Some RAID controllers are not what I call *true RAID* drive controllers. They may have a hardware controller, but they run kind of a fake RAID on the host OS. It’s not really software raid, but the RAID is dependant on the OS.
This, as you might guess, causes some problems when we want to do some fun stuff on the system drive while we are not actually booted into the OS. Like when we want to restore an image of the C: drive! That’s ok though, we’ve got a work-around.
BIG NOTICE, DISCLAIMER, OR WHATEVERâ€¦.
This is based on a RAID1 mirror.
My RAID controller allowed me to build the array based on one of my drives, yours may not.
Do this at your own risk.
Make sure you have a backup. (DUH!)
If you lose your data, it’s your fault.
Your mileage may vary.
Assuming you have made your image successfully already, here’s what we do. The trick is that you must turn off the RAID functions and break the array first. So that your drives look like they are single drives in the system. Delete the partitions you will be reimaging over. On my server, it was just an onboard BIOS setting.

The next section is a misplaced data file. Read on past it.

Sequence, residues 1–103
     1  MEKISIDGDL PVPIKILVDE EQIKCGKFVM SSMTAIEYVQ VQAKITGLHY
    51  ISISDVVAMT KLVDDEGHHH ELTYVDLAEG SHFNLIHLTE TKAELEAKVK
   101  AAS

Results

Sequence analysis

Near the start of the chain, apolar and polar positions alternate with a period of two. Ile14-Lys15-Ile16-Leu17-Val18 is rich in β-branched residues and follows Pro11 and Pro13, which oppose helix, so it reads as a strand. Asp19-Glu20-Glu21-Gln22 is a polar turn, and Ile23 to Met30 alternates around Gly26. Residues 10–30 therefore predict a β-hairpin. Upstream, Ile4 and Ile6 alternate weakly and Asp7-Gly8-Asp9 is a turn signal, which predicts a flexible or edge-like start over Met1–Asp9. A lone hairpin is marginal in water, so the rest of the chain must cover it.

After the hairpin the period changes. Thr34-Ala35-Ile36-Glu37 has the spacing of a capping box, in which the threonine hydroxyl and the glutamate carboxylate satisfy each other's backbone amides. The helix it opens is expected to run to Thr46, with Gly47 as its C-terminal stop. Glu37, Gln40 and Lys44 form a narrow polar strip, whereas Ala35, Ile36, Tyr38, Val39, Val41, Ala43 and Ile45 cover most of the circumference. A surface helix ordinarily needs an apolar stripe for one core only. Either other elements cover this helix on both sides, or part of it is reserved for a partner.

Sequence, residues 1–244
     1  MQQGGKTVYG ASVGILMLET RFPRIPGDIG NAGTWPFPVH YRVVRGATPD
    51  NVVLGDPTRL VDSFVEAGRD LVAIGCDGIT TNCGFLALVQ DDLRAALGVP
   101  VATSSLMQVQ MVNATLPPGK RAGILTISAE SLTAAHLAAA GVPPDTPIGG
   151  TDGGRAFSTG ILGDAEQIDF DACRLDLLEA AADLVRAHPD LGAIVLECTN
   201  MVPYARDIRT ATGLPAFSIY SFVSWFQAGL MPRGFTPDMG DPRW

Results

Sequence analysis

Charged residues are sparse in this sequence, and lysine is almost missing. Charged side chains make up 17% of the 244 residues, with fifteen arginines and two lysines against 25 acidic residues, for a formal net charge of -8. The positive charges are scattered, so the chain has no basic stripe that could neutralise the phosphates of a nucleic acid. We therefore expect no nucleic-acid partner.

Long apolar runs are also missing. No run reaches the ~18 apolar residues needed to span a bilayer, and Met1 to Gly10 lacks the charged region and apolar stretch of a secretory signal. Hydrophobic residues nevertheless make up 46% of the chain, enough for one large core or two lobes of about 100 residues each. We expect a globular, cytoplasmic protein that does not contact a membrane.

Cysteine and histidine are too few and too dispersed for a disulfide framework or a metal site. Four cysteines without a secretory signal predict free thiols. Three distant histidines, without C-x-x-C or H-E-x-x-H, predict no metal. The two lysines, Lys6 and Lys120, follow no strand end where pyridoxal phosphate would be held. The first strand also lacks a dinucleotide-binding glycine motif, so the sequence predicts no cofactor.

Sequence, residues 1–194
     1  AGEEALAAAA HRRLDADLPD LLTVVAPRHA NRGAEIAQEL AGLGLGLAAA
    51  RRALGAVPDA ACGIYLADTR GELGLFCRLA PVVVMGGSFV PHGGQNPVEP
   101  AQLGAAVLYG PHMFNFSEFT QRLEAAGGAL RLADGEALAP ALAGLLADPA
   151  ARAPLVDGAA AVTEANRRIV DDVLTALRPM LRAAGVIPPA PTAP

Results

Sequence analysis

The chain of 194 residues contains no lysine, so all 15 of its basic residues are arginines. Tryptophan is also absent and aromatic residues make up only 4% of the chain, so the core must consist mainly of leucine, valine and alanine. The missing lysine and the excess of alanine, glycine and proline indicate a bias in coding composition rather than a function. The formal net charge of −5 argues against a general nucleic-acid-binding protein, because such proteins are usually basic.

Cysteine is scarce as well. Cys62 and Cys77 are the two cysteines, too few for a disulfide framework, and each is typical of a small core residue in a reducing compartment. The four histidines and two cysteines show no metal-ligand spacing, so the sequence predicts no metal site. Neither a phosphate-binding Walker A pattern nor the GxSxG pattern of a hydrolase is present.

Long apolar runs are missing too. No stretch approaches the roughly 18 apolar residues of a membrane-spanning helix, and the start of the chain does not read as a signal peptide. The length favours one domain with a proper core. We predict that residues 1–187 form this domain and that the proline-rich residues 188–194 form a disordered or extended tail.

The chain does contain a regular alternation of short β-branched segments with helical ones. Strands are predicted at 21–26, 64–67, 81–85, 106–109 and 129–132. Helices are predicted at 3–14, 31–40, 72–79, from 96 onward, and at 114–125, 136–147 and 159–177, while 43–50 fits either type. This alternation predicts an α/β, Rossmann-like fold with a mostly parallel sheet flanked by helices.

Boot the system into a PE boot disc. You can get a free one called: Ultimate Boot CD for Windows. It’s a doctored up PE Disc, but you’ll need to “build” it. They have great instructions for that on their site. (just Google it) Anyway, you boot into this, and right when the CD starts to boot, you see the “Press F6” option, like you see when you do a new Windows install. Insert your floppy disc and load the drivers when it asks. Then it will boot to a custom version of XP.
The PE disc should load and see your C: drive. Make sure you open Drive Manager and create your C: drive again. Only DON’T FORMAT it or make a drive letter. Now open Drive Image XML and load the image you made, and recover it to that C: drive.
Reboot when complete and before Windows loads, open the BIOS or RAID controller and turn on the RAID again. On my controller, I was able to recreate the Mirror by building off the first drive. Let that process complete and reboot. Your system should boot right to that image.
The keys to making this work was:
Make the drive appear as a single drive again, turn off RAID in the BIOS or Controller.
Drive Image XML always crashed on me, even if I loaded the drivers at the F6 prompt. It couldn’t deal with that Host based RAID. (but it appeared fine!)
After image is restored, turn on RAID1 again and build your array based on the newly imaged disk BEFORE you boot back to that drive in Windows.